52. Via S, Gomulkievicz R, de Jong G et al (1995) Adaptive phenotypic plasticity: consensus and controversy. TREE 10:212–217PubMedGoogle Scholar
  53. Waddington CH (1952) Selection of the genetic basis for an acquired character. Nature 169:278CrossRefPubMedGoogle Scholar
  54. Waddington CH (1956) Genetic assimilation of the Bithorax phenotype. Evolution 10:1–13. doi: 10.2307/2406091 CrossRefGoogle Scholar
  55. Waddington CH (1959) Canalization of development and genetic assimilation of acquired characters. Nature 183:1654–1655CrossRefPubMedGoogle Scholar
  56. West-Eberhard MJ (2003) Developmental plasticity and evolution. Oxford University Press, New YorkGoogle Scholar
  57. West-Eberhard MJ (2005) Developmental plasticity and the origin of species differences. Proc Natl Acad Sci U A 102(Suppl 1):6543–6549CrossRefGoogle Scholar
  58. Whitehead A, Roach JL, Zhang S, Galvez F (2011) Genomic mechanisms of evolved physiological plasticity in killifish distributed along an environmental salinity gradient. Proc Natl Acad Sci U A 108:6193–6198. doi: 10.1073/pnas.1017542108 CrossRefGoogle Scholar
  59. Whitehead A, Roach JL, Zhang S, Galvez F (2012) Salinity- and population-dependent genome regulatory response during osmotic acclimation in the killifish (Fundulus Heteroclitus) gill. J Exp Biol 215:1293–1305. doi: 10.1242/jeb.062075 CrossRefPubMedGoogle Scholar
  60. Wittkopp PJ, Beldade P (2009) Development and evolution of insect pigmentation: genetic mechanisms and the potential consequences of pleiotropy. Semin Cell Dev Biol 20:65–71CrossRefPubMedGoogle Scholar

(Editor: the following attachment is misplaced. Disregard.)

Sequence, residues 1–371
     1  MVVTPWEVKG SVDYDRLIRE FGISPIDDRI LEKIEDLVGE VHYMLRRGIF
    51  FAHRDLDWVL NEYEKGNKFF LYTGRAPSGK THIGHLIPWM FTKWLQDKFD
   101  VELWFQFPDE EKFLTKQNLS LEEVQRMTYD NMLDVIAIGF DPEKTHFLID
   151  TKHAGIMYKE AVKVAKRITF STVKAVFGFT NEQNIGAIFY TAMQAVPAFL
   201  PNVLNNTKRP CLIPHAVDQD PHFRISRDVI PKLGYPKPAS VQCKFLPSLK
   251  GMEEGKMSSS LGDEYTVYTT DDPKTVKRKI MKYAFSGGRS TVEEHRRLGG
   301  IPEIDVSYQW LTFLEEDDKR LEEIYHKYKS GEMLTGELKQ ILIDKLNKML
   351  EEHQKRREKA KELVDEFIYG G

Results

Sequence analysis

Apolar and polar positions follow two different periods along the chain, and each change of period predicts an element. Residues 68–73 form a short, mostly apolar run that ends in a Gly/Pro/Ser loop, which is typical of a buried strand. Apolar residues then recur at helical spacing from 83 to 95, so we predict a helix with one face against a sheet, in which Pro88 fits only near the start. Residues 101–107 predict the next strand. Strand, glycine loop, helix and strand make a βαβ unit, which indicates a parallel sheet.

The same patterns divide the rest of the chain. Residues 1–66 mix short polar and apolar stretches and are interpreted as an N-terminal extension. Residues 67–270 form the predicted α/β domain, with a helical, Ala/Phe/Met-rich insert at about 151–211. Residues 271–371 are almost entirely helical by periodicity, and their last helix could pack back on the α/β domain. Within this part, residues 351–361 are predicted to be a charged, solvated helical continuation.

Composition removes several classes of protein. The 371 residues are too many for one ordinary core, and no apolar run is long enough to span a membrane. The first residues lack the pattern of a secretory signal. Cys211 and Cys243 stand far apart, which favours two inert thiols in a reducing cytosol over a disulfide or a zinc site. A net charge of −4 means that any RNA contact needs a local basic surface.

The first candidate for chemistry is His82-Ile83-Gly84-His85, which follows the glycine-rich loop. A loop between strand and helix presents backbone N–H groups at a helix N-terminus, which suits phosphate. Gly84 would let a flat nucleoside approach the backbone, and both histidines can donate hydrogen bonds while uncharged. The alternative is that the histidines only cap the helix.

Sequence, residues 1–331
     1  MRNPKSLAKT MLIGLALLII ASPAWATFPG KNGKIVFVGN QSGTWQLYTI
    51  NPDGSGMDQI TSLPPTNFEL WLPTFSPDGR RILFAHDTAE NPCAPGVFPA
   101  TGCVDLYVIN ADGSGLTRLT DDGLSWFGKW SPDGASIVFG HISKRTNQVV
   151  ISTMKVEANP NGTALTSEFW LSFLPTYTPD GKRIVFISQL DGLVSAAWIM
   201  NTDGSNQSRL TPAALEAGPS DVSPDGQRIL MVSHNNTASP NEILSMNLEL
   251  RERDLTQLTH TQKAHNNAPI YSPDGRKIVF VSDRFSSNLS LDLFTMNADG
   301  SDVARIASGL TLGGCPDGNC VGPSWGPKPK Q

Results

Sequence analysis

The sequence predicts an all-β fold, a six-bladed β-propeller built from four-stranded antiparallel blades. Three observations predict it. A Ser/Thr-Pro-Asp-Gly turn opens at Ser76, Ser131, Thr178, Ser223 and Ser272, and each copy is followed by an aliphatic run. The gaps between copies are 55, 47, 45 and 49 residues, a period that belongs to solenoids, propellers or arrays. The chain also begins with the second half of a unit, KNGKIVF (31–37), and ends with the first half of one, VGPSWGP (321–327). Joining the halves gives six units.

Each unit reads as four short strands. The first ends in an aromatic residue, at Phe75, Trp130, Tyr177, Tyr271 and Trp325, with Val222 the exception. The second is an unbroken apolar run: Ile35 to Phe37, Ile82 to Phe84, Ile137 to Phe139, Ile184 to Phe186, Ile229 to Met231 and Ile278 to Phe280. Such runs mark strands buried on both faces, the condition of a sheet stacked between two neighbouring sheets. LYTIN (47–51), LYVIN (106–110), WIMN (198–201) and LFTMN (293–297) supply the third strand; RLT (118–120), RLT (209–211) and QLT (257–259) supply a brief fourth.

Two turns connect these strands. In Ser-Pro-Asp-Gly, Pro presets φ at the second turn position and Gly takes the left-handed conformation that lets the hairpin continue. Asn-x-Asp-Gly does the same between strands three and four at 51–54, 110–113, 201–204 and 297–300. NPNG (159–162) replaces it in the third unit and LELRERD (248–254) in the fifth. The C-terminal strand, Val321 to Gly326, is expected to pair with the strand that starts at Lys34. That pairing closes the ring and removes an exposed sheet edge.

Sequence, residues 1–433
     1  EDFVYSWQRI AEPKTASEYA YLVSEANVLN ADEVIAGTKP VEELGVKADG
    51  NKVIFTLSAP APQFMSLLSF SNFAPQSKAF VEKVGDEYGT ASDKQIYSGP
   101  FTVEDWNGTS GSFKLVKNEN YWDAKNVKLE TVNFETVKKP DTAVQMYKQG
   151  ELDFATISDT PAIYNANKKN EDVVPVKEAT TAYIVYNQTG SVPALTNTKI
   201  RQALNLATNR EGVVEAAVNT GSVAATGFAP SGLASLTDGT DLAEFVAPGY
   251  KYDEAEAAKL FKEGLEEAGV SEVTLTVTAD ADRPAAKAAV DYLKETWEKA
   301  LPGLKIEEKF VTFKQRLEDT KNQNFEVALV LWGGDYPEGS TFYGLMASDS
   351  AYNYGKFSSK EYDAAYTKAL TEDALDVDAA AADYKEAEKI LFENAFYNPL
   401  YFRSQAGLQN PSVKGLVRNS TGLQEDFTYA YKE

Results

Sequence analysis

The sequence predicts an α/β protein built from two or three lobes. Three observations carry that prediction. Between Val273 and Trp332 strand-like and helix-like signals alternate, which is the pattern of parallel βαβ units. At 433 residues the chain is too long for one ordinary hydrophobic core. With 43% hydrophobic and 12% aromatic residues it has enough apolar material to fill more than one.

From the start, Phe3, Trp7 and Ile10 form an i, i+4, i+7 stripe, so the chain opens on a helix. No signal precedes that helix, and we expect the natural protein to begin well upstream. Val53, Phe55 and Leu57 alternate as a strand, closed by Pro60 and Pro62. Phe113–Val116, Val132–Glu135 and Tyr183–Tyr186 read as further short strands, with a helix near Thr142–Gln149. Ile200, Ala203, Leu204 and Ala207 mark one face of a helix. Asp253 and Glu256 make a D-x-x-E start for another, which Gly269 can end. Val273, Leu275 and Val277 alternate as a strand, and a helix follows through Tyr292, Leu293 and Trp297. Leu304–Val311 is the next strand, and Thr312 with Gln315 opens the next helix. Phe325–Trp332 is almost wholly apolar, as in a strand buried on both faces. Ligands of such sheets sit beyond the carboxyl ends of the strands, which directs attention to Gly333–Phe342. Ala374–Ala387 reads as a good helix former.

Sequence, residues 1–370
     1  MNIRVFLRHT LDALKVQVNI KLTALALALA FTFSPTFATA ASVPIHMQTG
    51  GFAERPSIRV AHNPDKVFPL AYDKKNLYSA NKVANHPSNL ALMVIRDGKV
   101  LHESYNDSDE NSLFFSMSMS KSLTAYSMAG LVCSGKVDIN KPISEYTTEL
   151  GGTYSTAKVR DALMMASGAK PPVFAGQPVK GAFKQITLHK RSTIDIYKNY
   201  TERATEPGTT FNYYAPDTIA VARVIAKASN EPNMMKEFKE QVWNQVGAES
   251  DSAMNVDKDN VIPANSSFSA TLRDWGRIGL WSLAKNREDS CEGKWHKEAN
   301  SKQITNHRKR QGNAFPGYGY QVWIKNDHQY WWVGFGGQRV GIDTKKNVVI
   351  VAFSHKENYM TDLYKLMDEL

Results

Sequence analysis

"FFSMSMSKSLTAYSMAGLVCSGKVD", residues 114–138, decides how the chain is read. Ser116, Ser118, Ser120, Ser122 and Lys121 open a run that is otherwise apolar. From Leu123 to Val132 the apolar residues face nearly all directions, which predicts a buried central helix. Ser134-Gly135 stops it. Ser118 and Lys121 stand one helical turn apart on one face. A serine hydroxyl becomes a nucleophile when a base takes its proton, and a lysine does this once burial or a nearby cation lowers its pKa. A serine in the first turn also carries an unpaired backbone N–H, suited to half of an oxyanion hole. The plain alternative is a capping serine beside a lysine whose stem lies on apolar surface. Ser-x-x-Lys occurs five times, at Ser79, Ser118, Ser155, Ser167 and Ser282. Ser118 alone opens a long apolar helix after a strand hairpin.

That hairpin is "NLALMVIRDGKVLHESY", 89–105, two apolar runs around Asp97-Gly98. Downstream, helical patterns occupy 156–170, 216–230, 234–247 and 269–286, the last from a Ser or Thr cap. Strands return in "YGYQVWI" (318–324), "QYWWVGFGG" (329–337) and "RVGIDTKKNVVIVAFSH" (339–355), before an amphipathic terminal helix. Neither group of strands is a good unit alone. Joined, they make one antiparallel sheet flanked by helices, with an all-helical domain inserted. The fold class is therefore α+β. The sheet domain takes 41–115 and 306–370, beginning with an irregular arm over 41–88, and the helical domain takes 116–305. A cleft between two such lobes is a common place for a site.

61. Wittkopp PJ, Stewart EE, Arnold LL et al (2009) Intraspecific polymorphism to interspecific divergence: genetics of pigmentation in Drosophila. Science 326:540–544. doi: 10.1126/science.1176980 CrossRefPubMedGoogle Scholar
  62. Wittkopp PJ, Williams BL, Selegue JE, Carroll SB (2003) Drosophila pigmentation evolution: divergent genotypes underlying convergent phenotypes. Proc Natl Acad Sci U A 100:1808–1813CrossRefGoogle Scholar
  63. Woltereck R (1909) Weitere experimentelle unters¨uchungen ¨uber artver¨anderung, speziell ¨uber das wesen quantitativer artunterschiede bei daphniden. Verhandlungen Dtsch Zooligischen Ges:110–172Google Scholar
  64. Wund MA, Baker JA, Clancy B et al (2008) A test of the “flexible stem” model of evolution: ancestral plasticity, genetic accommodation, and morphological divergence in the threespine stickleback radiation. Am Nat 172:449–462. doi: 10.1086/590966 CrossRefPubMedGoogle Scholar
  65. Yassin A, Bastide H, Chung H et al (2016) Ancient balancing selection at tan underlies female colour dimorphism in Drosophila erecta. Nat Commun 7:10400. doi: 10.1038/ncomms10400 CrossRefPubMedPubMedCentralGoogle Scholar

Copyright information

© Springer-Verlag GmbH Germany 2017

Authors and Affiliations

  1. 1.Sorbonne Universités, UPMC Université Paris 06, CNRS, Biologie du Développement Paris Seine, Institut de Biologie Paris Seine (LBD-IBPS)ParisFrance

Personalised recommendations